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We like to use canning jars for everything. Try this creative way to carry your lunch or dinner - in a canning jar with a nutritious salad.


CHICKASHA, Okla. - We like to use canning jars for everything from storing grains in the pantry to displaying a beautiful floral arrangement for a country wedding. By far the best way to use canning jars, other than for canning, is to pack a salad for a lunch or dinner time treat.


Packing a salad in a jar starts with pouring the dressing in the bottom. It is recommended to use two to three tablespoons for a quart-sized salad or one to two tablespoons for a pint-sized jar. A vinaigrette-type dressing works well. Top with a layer of hard, moisture-resistant vegetables such as carrots, cucumbers, radishes, or broccoli.


Next add a protein such as lentils, garbanzo beans or other beans such as black beans or kidney beans. You can add tuna but meats that have been previously roasted such as chicken or ham may taste best and keep better if added at the time of serving. Remember don’t keep previously cooked meat longer than four days if saving from a previous meal.


Softer vegetables and fruits come next such as corn, olives, grape tomatoes or dried fruit. Nuts and seeds follow such as walnuts, almonds, or sunflower seeds. Chunks of cheese also can be added at this time. Add salad greens last. For the most nutrition, use dark green salad greens such as romaine, spinach or leaf lettuce. Place the band and lid in place and refrigerate.


Before you take off for work, place the salad jar in an insulated bag with a gel pack. Use the salad within four days for best quality. Some people like to shake the jar to distribute the dressing and eat directly from the jar. Or, you can shake the salad into a large bowl. If shaking the salad into the bowl doesn’t mix the salad, gently toss with a fork until the ingredients are coated. 


Because the salads maintain a good quality for up to four days, you can prepare salads ahead of time. Look for quality vegetables at your local grocery store or farmers market and enjoy the vegetables that are in season.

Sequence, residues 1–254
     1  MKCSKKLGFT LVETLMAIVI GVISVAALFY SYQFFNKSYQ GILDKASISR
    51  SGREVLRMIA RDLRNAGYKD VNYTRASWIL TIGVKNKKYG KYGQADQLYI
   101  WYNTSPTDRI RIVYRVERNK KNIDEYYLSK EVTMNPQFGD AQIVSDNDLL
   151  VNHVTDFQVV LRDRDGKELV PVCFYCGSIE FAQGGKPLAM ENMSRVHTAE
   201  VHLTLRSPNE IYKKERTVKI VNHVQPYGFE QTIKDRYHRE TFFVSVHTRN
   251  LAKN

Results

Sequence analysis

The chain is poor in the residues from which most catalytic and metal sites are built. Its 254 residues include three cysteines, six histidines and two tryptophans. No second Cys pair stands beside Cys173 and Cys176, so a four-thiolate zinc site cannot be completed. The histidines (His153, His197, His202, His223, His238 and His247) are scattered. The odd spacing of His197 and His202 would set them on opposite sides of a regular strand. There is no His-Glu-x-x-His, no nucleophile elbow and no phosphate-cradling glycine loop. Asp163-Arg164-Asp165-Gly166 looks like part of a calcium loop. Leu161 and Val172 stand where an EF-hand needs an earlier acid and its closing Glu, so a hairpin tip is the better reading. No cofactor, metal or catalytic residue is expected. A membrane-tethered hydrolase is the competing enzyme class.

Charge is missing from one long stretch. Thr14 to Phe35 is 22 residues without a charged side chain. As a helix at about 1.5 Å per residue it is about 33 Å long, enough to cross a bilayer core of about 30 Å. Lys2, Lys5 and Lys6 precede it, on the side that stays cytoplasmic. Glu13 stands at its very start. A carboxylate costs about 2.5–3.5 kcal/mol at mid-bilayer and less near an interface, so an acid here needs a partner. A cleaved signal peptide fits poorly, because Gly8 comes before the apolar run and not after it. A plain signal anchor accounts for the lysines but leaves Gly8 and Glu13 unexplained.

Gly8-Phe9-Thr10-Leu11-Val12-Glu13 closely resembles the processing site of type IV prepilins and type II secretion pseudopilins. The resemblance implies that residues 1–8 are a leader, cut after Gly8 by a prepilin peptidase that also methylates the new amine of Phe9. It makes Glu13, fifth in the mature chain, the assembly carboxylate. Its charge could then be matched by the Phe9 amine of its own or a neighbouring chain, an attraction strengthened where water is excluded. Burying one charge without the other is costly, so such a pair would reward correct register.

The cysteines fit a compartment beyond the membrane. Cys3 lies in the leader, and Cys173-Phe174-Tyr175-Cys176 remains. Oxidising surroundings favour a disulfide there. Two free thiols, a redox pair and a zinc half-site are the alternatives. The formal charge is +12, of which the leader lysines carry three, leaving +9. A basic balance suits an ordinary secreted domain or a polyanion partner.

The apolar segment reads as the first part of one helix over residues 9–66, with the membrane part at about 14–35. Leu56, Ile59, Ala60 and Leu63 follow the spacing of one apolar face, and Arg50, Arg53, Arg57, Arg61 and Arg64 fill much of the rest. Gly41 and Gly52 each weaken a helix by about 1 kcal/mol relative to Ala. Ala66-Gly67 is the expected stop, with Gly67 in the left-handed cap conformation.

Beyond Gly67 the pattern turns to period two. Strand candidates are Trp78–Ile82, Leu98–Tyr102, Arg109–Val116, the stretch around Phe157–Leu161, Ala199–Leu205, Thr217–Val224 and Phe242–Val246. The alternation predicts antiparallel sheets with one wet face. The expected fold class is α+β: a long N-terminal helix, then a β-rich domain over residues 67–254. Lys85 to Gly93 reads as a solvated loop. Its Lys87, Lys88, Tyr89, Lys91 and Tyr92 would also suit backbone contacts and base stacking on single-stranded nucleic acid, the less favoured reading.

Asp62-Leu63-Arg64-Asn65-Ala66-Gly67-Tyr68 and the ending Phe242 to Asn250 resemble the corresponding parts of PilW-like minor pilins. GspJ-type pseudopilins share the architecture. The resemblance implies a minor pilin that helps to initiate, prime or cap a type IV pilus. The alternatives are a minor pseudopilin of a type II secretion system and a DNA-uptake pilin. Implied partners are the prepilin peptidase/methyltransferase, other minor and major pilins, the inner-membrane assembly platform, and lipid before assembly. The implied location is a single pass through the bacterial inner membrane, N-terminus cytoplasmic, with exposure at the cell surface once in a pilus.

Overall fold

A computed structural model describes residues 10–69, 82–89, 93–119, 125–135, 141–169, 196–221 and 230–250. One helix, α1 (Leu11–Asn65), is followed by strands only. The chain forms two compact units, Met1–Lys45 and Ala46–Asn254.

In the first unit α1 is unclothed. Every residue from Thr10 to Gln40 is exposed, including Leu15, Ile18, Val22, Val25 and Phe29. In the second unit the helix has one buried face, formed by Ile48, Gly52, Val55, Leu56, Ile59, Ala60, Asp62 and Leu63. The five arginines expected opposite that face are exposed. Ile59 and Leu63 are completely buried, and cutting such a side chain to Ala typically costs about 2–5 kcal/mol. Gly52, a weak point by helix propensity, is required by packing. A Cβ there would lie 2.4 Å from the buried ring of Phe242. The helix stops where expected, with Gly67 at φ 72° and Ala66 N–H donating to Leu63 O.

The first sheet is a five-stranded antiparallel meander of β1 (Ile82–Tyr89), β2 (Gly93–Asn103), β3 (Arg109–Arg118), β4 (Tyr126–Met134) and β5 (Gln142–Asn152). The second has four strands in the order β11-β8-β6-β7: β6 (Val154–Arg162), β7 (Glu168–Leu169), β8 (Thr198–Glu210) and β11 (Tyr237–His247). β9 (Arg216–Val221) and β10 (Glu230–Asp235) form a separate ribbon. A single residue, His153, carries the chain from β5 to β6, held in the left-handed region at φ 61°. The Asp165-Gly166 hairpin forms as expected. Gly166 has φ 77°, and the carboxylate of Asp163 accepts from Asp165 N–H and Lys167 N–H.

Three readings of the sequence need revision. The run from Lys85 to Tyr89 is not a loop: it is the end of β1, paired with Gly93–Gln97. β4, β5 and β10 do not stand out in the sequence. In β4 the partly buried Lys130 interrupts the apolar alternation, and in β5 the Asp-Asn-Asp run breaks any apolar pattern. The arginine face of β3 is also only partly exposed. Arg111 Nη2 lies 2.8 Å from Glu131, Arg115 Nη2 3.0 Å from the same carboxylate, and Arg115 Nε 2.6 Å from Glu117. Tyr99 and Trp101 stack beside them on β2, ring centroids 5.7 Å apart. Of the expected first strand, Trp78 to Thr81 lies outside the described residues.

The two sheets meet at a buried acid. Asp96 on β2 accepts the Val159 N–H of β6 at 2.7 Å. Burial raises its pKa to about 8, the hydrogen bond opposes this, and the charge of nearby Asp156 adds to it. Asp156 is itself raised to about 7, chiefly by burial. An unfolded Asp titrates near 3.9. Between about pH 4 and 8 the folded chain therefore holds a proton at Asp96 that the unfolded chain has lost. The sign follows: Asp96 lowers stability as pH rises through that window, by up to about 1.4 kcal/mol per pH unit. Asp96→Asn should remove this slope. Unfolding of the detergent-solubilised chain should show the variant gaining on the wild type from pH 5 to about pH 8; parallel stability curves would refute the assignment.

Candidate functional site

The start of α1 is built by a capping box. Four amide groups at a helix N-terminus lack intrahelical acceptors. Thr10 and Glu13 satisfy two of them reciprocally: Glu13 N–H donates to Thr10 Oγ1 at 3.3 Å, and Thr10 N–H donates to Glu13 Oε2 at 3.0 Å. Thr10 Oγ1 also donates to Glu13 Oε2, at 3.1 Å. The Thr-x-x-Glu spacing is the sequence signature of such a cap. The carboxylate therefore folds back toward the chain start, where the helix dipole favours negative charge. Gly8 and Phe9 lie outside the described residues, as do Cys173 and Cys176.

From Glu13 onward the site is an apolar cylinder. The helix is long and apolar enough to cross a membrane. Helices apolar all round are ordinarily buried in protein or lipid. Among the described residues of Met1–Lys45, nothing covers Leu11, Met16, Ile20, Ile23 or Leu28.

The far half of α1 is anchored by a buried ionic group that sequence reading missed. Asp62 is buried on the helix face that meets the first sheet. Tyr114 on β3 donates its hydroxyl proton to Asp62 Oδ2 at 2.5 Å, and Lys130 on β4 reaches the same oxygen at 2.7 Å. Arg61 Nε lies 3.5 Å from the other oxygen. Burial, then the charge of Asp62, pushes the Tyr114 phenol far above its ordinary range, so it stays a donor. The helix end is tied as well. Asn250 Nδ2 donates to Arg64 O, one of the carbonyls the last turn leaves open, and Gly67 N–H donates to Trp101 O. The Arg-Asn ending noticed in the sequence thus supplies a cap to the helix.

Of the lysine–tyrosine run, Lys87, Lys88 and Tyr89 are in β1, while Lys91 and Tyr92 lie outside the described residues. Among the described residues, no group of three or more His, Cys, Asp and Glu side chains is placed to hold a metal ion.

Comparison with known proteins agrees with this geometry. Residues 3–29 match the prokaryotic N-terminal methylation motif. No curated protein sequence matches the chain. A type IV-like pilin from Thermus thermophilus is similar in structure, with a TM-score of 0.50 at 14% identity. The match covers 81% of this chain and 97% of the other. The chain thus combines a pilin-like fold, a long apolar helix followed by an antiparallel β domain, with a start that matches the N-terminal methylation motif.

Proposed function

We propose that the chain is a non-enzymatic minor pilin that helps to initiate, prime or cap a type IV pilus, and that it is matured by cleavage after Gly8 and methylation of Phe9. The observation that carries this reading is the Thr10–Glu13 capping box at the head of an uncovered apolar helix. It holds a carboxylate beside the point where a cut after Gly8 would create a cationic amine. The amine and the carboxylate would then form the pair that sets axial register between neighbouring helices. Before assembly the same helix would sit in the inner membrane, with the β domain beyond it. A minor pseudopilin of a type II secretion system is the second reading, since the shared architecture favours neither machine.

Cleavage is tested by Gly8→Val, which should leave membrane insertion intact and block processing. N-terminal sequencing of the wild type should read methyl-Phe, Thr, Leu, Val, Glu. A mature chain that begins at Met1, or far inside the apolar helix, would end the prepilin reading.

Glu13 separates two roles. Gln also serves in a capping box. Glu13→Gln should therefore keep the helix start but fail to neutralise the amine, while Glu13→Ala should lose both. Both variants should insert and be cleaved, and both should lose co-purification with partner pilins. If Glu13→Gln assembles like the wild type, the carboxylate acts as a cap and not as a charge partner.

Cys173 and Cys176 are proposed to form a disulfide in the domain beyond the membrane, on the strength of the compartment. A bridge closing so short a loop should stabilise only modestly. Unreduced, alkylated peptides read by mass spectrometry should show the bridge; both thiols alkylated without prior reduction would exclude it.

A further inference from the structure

For more information about healthy eating, contact Grady County OSU Cooperative Extension Service at (405) 224-2216. We are located at 828 W. Choctaw in Chickasha.


Oklahoma State University, in compliance with Title VI and VII of the Civil Rights Act of 1964, Executive Order 11246 as amended, and Title IX of the Education Amendments of 1972 (Higher Education Act), the Americans with Disabilities Act of 1990, and other federal and state laws and regulations, does not discriminate on the basis of race, color, national origin, genetic information, sex, age, sexual orientation, gender identity, religion, disability, or status as a veteran, in any of its policies, practices or procedures.  This provision includes, but is not limited to admissions, employment, financial aid, and educational services. The Director of Equal Opportunity, 408 Whitehurst, OSU, Stillwater, OK 74078-1035; phone (405) 744-5371; email: has been designated to handle inquiries regarding non-discrimination policies: Director of Equal Opportunity. Any person (student, faculty, or staff) who believes that discriminatory practices have been engaged in based on gender may discuss his or her concerns and file informal or formal complaints of possible violations of Title IX with OSU’s Title IX Coordinator (405) 744-9154.

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